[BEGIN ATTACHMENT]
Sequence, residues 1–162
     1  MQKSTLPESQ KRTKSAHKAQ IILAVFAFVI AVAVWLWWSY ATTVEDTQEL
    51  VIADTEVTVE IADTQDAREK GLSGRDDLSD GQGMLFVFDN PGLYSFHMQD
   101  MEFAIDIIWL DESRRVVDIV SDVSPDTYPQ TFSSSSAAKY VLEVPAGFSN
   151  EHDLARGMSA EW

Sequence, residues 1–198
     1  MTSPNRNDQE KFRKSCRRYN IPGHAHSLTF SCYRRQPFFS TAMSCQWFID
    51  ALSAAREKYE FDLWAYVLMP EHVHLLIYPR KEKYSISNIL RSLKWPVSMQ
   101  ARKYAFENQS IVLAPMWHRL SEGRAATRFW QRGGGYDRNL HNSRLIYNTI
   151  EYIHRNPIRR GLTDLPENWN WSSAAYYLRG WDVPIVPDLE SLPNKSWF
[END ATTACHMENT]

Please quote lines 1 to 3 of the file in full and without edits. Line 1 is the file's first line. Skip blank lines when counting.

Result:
Sequence, residues 1–162
     1  MQKSTLPESQ KRTKSAHKAQ IILAVFAFVI AVAVWLWWSY ATTVEDTQEL
    51  VIADTEVTVE IADTQDAREK GLSGRDDLSD GQGMLFVFDN PGLYSFHMQD